The pamphlet concerning the Trent affair, and the surrender of Messrs. Mason and Slidell, which we append to this edition, will be read with interest at the present crisis, as an able exposition of the views of European statesmen on the international difficulty which has sprung so unexpectedly upon us. While it justifies the surrender on the ground of technical error, it utters a solemn warning in the name of Europe, that, if the demand were a mere pretext to force us into a ruinous war, such a proceeding will not again be tolerated. This pamphlet, entitled Une Parole de Paix, is the article which appeared in the Journal des Debats, December 11, 12, and 13, since published as a brochure, with some additions.

This new edition is especially valuable, inasmuch as it seals the faith of our noble friend and sympathizer. "A few months ago," says Count de Gasparin, in his preface, "I believed in the uprising of a great people; now I am sure of it." Let not the issue shame us by disappointing his trust!

MARY L. BOOTH.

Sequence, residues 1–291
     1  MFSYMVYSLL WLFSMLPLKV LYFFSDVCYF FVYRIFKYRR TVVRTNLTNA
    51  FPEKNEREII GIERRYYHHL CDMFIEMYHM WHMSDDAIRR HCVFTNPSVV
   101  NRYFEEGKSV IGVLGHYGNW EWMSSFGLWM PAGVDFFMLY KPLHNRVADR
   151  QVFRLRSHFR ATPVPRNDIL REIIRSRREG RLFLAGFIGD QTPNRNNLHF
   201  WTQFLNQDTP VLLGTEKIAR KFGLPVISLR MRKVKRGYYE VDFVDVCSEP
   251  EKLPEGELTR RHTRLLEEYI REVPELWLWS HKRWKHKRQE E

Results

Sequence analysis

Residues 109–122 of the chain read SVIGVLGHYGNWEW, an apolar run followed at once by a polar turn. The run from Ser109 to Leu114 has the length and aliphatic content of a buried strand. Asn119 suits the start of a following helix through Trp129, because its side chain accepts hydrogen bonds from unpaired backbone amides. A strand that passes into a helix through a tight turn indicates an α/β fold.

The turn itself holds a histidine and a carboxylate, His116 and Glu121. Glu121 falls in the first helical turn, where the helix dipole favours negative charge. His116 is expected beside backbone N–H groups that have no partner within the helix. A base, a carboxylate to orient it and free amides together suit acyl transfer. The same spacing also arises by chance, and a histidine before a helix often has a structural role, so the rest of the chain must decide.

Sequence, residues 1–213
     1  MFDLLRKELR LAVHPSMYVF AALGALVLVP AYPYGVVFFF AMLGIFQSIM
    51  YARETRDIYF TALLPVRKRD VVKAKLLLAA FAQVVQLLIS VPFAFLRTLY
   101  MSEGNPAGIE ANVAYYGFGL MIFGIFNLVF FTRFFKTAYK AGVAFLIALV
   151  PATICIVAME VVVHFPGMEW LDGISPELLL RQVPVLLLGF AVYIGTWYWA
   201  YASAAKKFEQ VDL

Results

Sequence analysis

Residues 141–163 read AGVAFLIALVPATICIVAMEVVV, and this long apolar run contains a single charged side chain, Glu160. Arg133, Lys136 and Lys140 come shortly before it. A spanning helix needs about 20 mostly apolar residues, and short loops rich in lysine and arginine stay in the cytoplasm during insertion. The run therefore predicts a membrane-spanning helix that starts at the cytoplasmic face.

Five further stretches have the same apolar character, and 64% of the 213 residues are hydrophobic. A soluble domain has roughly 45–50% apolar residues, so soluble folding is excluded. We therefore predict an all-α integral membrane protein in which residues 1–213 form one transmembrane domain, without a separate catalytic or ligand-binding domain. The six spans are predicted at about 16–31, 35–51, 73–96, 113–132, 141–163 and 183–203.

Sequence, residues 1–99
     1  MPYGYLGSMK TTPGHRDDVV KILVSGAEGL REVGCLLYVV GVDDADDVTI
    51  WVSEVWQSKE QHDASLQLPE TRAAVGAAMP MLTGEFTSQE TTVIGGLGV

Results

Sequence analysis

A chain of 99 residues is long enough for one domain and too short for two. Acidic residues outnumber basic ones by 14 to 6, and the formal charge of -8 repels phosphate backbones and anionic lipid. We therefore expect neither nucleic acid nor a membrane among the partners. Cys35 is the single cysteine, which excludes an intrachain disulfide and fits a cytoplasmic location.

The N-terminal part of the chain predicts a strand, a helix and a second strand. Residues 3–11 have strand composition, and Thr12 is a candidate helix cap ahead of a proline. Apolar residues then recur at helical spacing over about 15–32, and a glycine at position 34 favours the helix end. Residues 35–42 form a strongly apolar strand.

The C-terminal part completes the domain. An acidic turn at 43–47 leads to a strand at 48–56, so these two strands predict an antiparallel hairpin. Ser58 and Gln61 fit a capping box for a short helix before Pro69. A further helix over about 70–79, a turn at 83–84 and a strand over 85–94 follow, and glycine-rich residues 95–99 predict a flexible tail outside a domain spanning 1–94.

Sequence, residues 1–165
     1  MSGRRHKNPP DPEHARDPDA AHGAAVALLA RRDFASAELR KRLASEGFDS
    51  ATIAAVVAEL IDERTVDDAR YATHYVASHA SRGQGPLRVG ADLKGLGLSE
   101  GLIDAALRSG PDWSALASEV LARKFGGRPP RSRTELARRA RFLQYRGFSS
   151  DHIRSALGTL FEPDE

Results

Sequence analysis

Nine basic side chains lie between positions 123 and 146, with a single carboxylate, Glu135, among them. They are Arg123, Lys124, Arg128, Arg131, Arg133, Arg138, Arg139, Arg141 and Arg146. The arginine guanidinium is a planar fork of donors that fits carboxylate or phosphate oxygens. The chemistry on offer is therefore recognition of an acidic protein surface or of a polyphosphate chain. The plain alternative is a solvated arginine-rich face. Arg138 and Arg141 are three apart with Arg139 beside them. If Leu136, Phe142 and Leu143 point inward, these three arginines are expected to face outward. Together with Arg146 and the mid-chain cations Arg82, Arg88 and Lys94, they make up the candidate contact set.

NEW YORK, February, 1862.



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PREFACE

TO THE SECOND EDITION.

I have nothing to change in these pages. When I wrote them before the breaking out of the American crisis, I foreboded, which was not difficult, that the crisis would be long and grievous, that there would be mistakes and reverses; but I foreboded, also, that through these mistakes and reverses, an immense progress was about to come to light. Some have undertaken to doubt it: at the sight of civil war, and the evils which it necessarily entails, at the recital of one or two defeats, they have hastened to raise their hands to Heaven, and to proclaim in every key the ruin of the United States.